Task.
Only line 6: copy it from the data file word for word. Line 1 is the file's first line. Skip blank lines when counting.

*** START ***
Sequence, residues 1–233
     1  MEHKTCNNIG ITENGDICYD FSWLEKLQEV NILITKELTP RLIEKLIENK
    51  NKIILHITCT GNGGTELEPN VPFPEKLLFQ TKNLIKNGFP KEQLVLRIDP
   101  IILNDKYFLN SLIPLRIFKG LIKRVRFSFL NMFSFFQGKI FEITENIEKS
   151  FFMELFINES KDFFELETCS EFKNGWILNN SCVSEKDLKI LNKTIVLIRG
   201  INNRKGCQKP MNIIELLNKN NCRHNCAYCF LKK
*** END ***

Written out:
   201  INNRKGCQKP MNIIELLNKN NCRHNCAYCF LKK